Private firm may manage communications database

Many serious criminal prosecutions rely on communications evidence
Many serious criminal prosecutions rely on communications evidence

By Alex Stevenson

The government may ask a private firm to manage its proposed superdatabase of communications data.

The Guardian newspaper reported the proposal would be contained in a consultation paper due next month by home secretary Jacqui Smith.

The growing use of communications database is placing an unrealistic strain on private telecommunications firms, the government argues.

As a result it proposes a centralised superdatabase to solve the problem. Stronger legal safeguards would meet the heightened data security placing it in the hands of a private firm would entail, it is believed.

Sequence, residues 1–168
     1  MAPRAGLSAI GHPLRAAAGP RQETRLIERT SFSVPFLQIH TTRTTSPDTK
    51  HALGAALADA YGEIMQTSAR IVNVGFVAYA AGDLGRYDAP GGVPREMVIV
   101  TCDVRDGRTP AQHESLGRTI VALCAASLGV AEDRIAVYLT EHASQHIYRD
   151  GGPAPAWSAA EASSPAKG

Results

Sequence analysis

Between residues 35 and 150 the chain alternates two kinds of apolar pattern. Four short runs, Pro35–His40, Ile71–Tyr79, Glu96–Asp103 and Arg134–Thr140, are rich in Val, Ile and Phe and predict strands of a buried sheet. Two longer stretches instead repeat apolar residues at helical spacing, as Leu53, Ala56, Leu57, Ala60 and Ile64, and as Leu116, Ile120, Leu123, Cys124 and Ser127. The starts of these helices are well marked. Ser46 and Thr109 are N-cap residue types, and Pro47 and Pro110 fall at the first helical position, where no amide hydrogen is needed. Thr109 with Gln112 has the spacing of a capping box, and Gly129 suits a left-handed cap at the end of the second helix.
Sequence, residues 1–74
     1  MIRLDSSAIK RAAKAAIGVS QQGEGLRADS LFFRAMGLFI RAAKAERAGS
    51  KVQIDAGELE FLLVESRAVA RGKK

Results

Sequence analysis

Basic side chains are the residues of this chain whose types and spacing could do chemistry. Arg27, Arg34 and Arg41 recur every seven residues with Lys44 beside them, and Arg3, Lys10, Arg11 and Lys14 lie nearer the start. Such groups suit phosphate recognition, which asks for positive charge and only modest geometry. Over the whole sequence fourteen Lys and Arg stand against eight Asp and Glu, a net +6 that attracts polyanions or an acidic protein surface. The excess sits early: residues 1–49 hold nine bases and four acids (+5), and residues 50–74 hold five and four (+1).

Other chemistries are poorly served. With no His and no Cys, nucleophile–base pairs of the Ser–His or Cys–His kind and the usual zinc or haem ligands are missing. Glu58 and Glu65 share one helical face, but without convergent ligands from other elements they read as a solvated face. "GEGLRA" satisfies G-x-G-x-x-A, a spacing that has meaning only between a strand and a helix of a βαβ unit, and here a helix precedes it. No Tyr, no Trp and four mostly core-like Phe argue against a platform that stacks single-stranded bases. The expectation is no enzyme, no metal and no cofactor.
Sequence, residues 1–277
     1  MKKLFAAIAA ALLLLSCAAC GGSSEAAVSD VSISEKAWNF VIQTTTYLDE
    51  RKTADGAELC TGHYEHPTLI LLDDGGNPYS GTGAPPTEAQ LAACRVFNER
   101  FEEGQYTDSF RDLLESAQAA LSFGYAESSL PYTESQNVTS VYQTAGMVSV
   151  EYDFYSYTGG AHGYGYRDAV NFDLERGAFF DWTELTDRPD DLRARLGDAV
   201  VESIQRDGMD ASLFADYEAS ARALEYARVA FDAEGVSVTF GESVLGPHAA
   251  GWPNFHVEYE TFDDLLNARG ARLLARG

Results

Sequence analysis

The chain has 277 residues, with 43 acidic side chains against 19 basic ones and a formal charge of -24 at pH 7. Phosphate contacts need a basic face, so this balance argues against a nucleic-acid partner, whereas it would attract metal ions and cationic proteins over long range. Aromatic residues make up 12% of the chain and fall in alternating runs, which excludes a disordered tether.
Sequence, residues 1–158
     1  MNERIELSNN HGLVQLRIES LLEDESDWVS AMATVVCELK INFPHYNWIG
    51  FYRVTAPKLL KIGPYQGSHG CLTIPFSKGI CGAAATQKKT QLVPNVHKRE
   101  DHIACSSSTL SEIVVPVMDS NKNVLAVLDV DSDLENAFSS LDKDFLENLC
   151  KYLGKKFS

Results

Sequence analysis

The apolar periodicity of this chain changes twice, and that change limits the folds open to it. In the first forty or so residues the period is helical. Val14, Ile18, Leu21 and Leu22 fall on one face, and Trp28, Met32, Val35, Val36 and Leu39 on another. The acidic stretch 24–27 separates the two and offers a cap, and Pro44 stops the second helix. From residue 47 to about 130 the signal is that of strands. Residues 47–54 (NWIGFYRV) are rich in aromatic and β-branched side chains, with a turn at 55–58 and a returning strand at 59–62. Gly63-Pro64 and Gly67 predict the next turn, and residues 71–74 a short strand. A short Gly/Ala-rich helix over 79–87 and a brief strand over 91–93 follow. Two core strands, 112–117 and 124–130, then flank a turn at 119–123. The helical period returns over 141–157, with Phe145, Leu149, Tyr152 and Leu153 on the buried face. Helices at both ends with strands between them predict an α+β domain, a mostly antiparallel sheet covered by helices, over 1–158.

But former director of public prosecutions Sir Ken MacDonald has spoken out against the government's plans, despite supporting the use of communications data evidence.

"No other country is considering such a drastic step," he told the Guardian.

"This database would be an unimaginable hell-house of personal private information.

"It would be a complete readout of every citizen's life in the most intimate and demeaning detail. No government of any colour is to be trusted with such a roadmap to our souls."

At present the superdatabase would not give the government access to the content of emails, conversations, or other forms of communication. Instead only names, addresses, phone numbers would be stored.


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